EXECUTIVE SUMMARY – Extract
Couch surfing is increasingly being recognised as a form of homelessness in Australia. It is a particularly complex issue for young people (aged under 25) in outer urban areas, who face additional challenges due to lack of infrastructure, support and services.
Little is known about the legal challenges these young people face due to, or because of, couch surfing. Even less is known about the experiences and challenges of the ‘couch providers’ – individuals and families who provide a place to stay for these young people.
This research sought to fill this gap in knowledge,by looking into the experiences of young people who are couch surfing and the experiences of couch providers – seeking to identify the legal, policy and service gaps for these groups and provide a way forward in addressing these issues.
To this end, a literature review was undertaken to find out what is already known about couch surfing in Australia. Sixty-two case studies from the WestJustice Couch Surfing Clinic were analysed and 30 professionals that work with young couch surfers were consulted.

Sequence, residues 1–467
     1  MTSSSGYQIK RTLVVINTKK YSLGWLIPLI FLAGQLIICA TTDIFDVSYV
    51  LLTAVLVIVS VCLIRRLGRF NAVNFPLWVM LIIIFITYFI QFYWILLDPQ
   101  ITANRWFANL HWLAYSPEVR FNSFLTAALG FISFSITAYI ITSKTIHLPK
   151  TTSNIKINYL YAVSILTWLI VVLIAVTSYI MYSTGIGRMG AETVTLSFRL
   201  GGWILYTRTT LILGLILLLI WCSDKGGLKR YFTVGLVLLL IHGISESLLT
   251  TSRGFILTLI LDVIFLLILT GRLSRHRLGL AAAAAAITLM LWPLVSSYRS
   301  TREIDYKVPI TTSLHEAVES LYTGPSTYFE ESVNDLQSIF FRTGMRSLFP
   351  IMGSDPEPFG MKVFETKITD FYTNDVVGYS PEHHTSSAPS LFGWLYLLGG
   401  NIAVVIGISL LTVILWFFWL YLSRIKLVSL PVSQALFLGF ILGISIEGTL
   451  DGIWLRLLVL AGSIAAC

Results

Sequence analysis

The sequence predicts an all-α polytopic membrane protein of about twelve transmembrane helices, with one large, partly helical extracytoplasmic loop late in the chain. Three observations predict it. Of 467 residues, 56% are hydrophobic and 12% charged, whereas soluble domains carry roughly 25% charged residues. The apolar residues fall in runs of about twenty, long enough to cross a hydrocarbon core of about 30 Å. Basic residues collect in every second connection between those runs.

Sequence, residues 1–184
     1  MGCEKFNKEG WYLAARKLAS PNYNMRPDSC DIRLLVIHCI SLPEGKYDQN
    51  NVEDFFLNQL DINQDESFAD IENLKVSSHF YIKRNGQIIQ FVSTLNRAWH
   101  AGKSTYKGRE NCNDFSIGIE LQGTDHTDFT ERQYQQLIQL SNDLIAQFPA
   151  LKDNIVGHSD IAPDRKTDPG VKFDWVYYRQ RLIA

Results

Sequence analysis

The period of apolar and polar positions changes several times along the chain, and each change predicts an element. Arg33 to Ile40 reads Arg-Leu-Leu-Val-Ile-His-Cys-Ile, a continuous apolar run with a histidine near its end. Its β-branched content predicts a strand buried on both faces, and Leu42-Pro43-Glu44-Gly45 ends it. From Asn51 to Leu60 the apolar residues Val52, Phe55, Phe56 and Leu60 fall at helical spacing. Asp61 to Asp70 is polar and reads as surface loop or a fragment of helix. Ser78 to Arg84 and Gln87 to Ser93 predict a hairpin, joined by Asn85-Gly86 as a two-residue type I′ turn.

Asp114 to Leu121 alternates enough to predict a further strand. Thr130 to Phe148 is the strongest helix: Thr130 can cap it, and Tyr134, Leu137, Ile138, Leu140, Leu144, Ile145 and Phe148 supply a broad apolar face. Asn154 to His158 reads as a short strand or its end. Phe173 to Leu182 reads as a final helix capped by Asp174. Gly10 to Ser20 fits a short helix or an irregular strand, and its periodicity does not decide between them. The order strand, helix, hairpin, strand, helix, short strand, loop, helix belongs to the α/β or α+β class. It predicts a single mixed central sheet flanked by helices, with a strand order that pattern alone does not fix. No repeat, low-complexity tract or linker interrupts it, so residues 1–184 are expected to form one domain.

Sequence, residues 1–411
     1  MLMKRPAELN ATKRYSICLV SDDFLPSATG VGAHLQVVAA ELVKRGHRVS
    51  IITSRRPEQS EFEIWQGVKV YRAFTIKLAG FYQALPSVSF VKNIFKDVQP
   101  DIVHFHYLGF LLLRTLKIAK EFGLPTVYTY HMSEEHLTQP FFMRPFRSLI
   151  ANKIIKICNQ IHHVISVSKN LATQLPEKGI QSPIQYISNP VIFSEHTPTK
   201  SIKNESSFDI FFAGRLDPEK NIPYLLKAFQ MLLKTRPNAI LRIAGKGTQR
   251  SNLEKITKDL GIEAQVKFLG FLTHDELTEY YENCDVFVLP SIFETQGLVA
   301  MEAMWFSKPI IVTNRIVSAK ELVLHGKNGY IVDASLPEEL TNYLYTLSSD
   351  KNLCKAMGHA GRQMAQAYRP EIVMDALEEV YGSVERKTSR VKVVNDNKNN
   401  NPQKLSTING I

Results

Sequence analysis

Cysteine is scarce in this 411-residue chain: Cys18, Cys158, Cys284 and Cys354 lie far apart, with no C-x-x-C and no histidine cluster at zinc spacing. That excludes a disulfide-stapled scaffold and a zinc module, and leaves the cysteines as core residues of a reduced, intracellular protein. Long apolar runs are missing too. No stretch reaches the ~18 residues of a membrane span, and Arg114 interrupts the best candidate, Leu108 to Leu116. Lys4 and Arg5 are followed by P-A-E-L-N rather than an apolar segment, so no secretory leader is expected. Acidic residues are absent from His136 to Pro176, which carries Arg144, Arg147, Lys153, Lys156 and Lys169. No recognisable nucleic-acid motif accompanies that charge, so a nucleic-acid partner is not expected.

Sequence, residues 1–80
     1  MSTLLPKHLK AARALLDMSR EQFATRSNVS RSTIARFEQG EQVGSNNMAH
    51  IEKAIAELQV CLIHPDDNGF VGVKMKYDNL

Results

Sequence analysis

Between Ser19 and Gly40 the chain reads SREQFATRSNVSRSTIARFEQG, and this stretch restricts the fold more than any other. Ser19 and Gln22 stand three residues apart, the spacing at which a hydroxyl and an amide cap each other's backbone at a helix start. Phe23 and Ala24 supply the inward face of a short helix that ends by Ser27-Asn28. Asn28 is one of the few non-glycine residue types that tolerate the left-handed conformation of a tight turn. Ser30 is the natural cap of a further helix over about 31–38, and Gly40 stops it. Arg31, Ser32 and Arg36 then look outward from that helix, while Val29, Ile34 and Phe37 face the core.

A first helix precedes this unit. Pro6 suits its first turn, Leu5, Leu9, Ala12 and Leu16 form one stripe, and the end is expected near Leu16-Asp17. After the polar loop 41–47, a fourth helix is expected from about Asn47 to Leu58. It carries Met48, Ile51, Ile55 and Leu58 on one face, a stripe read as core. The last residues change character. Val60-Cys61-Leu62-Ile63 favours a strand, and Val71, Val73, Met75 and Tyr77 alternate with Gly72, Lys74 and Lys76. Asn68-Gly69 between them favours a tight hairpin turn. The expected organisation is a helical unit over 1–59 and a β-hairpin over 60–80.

The research revealed that it was a combination of structural, legal and policy issues which led to, or exacerbated, the vulnerability of young couch surfers. It also revealed a lack of community service options for couch surfers and couch providers.
Young couch surfers are falling through the gaps – not yet considered adults, but not given the same level of protection as children, these young people are forced to couch surf to avoid violence at home and family conflict. While it was out of the scope of this project to critique the Victorian Out-of-Home Care and Child Protections systems, there were some challenges identified in protecting young people through these systems. The preference young people (and couch providers) had for their situations to remain ‘out of the system’ was indicative of a lack of trust in how their situations would be handled. Young couch surfers’ lack of identity as being homeless or victims of family violence was mirrored in the lack of recognition in the systems that were intended to support them.
SOURCE: Moore, Shorna. “Couch Surfing Limbo: .” Westjustice, August 2017 [Accurate at November 2017]
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